If this feature is activated, it effectively gives the CARE holder an option, after a set date (the “Maturity Date”), to require the company to convert CARE into shares in the capital of the company at a set valuation (the “Maturity Cap”). The parties can agree on the Maturity Date and Maturity Cap upfront. This feature caters for the scenario where the company does not proceed to a liquidity event or dissolution event, in which case the CARE holder has the option to become a shareholder in the company. This option can provide a CARE holder with some finality in case the company is not proceeding to a liquidity event or dissolution event.
CARE also gives the CARE holder information rights in relation to the business and financial condition of the company, providing some level of transparency regarding the company and its potential prospects. CARE includes an undertaking from the company that the proceeds from CARE will be used in accordance with the business plan and/or budget shared with the CARE holder at the time of issuance of CARE. The information rights and the undertaking regarding “use of proceeds” seek to provide transparency and some level of assurance to holders of CARE.
CARE, along with the rest of the VIMA kit, is aimed at reducing transactional costs and time by allowing parties to focus on a limited number of commercial points. CARE draws heavily from its predecessors, but also caters to regional preferences, to assist the users in adopting the instrument in an efficient and effective manner.
Satbir Walia is a Partner in the M&A team in Singapore. She has worked on a broad range of cross-border M&A transactions globally having worked in our Singapore, Hong Kong and New York offices. Satbir joined Clifford Chance in 2008 and has since advised a wide range of clients on strategic mergers and acquisitions and joint ventures in the financial institutions, technology, private equity and consumer goods sectors. She has a particular focus on financial institution groups and tech sector. Satbir received her BA (with distinctions) in Economics and Finance in 2003 from Wilfrid Laurier University and her LLB in 2006 from Osgoode Hall Law School in Ontario, Canada.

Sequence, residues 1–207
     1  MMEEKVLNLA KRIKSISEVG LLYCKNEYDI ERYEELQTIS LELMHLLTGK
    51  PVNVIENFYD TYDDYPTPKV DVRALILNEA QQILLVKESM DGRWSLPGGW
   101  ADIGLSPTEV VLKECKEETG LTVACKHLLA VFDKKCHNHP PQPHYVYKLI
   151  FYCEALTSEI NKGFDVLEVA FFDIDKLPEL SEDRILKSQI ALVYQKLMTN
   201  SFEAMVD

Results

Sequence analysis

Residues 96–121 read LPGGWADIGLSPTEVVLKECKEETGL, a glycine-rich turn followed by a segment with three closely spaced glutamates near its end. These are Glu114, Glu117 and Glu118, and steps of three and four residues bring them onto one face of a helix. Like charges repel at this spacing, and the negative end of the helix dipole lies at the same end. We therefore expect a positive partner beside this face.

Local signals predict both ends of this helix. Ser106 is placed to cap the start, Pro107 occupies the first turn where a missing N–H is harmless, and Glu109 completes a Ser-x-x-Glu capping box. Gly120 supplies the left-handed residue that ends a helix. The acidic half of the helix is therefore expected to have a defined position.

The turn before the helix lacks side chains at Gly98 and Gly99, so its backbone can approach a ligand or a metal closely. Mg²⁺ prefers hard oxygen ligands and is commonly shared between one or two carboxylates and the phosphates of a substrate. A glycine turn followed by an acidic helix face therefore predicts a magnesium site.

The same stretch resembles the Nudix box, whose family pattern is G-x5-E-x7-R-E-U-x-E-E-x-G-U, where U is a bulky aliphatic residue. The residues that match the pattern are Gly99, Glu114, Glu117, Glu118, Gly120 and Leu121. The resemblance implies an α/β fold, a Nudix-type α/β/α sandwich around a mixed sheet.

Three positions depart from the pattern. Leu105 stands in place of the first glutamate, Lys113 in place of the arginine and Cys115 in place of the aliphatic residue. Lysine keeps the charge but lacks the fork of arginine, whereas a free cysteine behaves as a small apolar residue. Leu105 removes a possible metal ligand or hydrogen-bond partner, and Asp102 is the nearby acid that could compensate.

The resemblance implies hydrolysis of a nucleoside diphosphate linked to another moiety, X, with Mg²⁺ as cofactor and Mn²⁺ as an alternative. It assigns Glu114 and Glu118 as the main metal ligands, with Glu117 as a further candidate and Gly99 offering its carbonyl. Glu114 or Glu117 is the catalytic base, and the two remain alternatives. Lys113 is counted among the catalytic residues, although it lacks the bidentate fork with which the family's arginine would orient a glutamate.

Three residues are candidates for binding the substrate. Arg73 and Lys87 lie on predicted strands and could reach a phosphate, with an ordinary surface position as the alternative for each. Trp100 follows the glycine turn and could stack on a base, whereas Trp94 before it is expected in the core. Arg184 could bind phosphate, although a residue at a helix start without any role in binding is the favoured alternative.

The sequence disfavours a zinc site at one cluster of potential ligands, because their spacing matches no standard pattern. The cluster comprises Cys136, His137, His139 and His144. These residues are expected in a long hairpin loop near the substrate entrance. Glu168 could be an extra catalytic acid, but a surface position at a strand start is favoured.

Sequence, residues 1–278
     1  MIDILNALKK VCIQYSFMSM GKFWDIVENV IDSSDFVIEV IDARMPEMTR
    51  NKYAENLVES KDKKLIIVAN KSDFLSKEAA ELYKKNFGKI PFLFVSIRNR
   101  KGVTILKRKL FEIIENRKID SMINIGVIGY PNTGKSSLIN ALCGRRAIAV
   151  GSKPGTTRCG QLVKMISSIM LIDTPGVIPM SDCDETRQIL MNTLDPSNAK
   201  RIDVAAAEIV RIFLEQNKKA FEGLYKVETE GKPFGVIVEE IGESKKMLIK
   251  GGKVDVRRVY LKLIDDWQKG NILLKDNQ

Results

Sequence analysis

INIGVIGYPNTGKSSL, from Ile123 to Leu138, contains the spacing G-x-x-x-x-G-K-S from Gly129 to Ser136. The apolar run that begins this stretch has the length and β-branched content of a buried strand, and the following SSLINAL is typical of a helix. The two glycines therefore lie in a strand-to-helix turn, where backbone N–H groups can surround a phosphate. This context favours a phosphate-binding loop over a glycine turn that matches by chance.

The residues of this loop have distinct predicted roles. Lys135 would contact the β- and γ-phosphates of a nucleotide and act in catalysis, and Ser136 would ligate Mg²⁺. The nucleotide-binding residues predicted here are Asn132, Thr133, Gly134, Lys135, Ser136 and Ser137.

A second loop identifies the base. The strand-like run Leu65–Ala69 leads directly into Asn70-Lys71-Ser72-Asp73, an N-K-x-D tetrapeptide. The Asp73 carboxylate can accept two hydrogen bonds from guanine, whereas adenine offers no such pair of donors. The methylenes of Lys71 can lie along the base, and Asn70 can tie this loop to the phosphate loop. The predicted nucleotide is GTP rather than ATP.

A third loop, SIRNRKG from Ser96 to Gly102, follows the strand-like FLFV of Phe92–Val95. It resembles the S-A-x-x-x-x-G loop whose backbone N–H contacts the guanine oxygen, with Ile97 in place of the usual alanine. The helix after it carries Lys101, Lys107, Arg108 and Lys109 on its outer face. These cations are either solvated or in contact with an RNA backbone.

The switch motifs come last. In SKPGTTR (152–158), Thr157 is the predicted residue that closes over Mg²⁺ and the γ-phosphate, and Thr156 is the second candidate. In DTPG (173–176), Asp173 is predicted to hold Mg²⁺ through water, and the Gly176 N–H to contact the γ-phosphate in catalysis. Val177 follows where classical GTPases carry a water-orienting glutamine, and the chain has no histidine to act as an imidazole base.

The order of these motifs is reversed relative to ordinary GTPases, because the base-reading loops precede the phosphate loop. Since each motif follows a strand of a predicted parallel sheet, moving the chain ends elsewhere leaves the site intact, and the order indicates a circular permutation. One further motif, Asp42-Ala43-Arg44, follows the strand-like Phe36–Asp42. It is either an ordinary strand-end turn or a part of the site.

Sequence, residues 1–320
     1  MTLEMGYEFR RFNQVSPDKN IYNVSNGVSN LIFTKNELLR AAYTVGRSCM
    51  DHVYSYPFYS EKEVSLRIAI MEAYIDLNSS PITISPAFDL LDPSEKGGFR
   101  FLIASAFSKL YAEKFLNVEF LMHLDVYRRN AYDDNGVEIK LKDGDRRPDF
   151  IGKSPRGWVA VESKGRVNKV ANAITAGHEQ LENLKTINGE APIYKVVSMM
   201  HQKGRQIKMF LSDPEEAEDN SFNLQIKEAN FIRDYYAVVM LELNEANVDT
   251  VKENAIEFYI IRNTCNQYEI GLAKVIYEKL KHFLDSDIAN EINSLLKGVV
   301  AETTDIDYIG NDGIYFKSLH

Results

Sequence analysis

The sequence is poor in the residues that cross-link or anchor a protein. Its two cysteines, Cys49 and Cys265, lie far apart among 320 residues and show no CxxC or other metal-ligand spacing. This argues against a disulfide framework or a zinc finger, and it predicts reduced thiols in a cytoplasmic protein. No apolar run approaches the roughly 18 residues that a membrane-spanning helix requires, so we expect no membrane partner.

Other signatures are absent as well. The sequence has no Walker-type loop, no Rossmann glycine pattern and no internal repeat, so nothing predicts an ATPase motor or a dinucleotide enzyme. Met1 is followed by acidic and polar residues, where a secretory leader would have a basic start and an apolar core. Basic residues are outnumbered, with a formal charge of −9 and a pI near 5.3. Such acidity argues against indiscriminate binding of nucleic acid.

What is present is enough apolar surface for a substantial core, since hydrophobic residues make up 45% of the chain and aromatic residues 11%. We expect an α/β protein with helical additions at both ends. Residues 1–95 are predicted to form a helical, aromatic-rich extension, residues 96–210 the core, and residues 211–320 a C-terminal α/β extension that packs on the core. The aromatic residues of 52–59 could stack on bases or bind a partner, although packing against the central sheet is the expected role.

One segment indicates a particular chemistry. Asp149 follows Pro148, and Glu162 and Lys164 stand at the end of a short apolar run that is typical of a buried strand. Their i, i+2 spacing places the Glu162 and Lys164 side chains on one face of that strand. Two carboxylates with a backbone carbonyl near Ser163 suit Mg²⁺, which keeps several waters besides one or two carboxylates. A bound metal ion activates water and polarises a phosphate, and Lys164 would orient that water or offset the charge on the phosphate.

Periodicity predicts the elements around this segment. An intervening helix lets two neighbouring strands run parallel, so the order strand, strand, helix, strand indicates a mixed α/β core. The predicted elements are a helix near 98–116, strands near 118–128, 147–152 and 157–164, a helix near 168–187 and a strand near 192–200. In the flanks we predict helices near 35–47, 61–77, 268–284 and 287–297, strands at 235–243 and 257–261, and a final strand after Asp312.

Michael Ng is an Associate in the M&A team in Singapore. He has worked in our London and Singapore offices and specialises in advising on infrastructure and private equity transactions as well as strategic mergers and acquisitions and joint ventures in a range of sectors.
Disclaimer: This article is intended for your general information only. It is not intended to be nor should it be regarded as or relied upon as legal advice. You should consult a qualified legal professional before taking any action or omitting to take action in relation to matters discussed herein. This article does not create an attorney-client relationship and is not attorney advertising.
Published 29 May 2020